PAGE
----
Smith, Howard Philips. “A Sojourn in Paradise: Jack Robinson in 1950s New Orleans”, University of Mississippi Press, 2020.
New Orleans Life and the Early Career of Fashion Photographer Jack Robinson
Jack Robinson was a sought-after fashion and celebrity photographer during the 1960s and early 1970s. His work was everywhere it seemed— from Vogue to the New York Times and Life Magazine. His personal life, however, was an enigma. Howard Philips Smith means to change that with “A Sojourner in Paradise” in which he studies Robinson and his work concentrating on his early life in New Orleans. It was in the Crescent City that Robinson found his passion for painting, photography, and the Bohemian life of the French Quarter. The book features more than one hundred photographs taken by the artist with a detailed commentary about Robinson’s life in New Orleans as well as excerpts from interviews with the people who knew him there. What we see here are the beginnings of the first gay Carnival krewes who made their own unique contributions to the rich cultural history of the city and read about the formation and beginnings of the Orleans Gallery, one of the earliest centers of the contemporary art movement that came into being America of the 1950s..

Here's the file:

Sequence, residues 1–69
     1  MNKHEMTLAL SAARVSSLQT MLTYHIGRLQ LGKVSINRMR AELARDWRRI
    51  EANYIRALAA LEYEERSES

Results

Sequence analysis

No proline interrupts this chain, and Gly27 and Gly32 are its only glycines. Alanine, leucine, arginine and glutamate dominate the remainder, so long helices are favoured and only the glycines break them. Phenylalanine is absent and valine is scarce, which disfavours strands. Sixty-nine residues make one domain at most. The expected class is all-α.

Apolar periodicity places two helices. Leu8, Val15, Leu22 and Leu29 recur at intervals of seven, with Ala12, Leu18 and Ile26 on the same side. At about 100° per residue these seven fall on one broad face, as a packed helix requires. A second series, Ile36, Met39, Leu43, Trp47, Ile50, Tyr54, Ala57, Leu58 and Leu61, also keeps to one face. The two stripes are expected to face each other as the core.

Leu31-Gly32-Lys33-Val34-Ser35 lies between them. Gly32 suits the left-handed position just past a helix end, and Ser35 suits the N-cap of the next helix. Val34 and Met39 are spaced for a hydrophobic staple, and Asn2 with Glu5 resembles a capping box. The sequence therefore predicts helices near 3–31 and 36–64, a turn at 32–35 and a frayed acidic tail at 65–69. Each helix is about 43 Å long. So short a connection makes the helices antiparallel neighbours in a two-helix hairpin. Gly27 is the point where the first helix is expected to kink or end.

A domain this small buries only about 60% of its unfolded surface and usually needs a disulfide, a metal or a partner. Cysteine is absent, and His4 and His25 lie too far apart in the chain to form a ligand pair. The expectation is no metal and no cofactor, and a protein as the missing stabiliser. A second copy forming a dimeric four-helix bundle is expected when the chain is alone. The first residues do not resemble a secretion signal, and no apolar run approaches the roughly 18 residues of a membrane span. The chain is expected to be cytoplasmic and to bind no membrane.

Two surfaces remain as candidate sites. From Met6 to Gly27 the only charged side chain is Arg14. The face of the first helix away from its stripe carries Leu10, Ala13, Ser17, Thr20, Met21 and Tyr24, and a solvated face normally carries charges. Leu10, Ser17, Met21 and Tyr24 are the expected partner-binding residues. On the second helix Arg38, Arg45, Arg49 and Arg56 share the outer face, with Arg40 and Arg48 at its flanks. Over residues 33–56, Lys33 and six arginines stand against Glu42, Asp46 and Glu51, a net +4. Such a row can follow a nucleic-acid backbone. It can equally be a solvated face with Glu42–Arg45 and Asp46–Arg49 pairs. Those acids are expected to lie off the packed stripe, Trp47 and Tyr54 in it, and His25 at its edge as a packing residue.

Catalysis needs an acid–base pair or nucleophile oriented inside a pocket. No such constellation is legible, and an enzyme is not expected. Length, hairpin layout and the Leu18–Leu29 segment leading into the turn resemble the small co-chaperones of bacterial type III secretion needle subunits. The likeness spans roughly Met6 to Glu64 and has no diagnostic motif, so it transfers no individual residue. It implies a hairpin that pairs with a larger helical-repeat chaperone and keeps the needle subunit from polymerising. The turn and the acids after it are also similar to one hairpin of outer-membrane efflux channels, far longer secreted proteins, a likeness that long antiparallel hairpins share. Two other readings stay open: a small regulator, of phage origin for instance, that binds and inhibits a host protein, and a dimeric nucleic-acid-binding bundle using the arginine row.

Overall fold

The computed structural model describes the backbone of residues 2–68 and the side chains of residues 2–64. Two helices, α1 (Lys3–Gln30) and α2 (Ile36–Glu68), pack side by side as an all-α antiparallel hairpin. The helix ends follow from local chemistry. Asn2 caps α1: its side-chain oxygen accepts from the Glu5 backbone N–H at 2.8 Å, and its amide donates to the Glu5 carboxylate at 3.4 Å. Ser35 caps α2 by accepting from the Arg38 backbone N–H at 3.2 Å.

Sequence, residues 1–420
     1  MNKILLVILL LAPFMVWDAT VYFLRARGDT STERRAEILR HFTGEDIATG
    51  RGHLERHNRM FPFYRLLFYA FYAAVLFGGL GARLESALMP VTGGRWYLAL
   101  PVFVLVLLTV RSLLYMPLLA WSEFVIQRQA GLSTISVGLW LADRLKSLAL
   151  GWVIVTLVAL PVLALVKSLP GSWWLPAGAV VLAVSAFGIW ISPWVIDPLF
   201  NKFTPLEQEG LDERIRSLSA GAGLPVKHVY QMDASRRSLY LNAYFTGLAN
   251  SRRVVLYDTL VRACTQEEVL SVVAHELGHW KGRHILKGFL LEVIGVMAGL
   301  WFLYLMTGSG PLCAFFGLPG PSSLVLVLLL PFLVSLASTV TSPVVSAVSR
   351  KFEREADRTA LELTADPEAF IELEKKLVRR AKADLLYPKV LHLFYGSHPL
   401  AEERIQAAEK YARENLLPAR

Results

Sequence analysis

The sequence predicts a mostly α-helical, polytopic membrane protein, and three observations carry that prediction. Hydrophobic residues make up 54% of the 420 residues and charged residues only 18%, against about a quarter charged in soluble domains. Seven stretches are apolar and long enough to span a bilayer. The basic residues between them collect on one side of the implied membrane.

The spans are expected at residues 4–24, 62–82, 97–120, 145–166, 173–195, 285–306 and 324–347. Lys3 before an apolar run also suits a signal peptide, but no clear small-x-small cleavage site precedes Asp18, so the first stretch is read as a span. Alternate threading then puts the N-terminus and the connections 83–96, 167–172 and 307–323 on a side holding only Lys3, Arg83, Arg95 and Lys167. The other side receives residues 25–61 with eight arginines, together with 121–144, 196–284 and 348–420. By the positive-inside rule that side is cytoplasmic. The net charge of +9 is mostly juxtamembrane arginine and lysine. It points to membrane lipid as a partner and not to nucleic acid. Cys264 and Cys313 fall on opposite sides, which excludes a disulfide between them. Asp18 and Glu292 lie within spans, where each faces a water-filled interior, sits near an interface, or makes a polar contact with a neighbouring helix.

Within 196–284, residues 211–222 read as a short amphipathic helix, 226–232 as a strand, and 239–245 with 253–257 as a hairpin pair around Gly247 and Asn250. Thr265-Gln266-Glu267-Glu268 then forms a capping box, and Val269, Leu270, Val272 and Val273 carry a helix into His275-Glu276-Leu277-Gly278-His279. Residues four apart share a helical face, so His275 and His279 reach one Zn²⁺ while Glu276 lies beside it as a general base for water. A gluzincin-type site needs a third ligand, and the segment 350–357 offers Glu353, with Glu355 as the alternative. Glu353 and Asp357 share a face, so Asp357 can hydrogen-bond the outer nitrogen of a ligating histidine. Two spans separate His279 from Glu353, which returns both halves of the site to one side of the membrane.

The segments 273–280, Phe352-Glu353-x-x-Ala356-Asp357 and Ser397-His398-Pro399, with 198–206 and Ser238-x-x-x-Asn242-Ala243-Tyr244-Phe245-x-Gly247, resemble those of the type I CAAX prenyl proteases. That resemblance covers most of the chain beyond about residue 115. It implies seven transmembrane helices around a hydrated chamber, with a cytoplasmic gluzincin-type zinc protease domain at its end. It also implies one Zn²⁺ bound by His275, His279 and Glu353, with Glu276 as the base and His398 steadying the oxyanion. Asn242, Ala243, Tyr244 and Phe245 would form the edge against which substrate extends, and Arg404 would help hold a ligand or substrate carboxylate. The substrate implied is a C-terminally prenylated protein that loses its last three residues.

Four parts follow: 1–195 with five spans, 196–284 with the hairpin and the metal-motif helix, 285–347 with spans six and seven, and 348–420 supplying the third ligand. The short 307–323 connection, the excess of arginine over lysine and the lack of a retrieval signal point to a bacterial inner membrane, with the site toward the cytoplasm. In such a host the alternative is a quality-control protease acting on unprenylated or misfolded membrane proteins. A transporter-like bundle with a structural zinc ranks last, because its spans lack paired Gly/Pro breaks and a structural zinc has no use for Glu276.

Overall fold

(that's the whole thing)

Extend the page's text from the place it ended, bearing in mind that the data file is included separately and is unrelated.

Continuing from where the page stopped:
Jack Robinson dealt with inner struggles that brought him to New Orleans. The city became a haven for him and he was able to find himself, for a time, free from societal pressure. He was allowed to explore life on his own terms. New Orleans has that ability for people and I say that as a person who was born and raised there. Unlike many other American cities, New Orleans rests upon the joy of life grip and the diversity of the city allows for self-exploration.
For as long as I can remember, New Orleans has been a gay destination for many just for that reason. It takes a writer like Howard Philips Smith whose own love affair with gay Mardi Gras to tell us Robinson’s story and provide us with previously unseen photographs of prominent New Orleanians and of Carnival in that period. We see a portrait of a city and an era that is gone forever but whose influence extends to the present day. I do not remember much about New Orleans of the 1950s but the memories I have were reinforced by what we have here. By the time I was finally able to live in the French Quarter, many of the personalities that we read about here were already gone but their stories lived on and in some cases still do today.
Robison was a member of a group that included artists, writers, designers, musicians, preservationists, illustrators, restaurateurs, travel agents, and antiquarians. New Orleanians will recognize the names of George Dunbar and Robert Helmer, Dusti Bongé, Jean Seidenberg, Katherine Choy, Lee Bailey, Leonard Parrish, Tilden Landry, Clay Shaw, Yvonne Fasnacht, Ella Brennan, Jack Beech, Bruce Butterworth, Claire Evangelista, Elmo Delacroix Avet and of course Truman Capote, Tennessee Williams and New York art dealer Betty Parsons. “A Sojourn in Paradise” is a visual feast that is filled with wonderful tidbits of the period.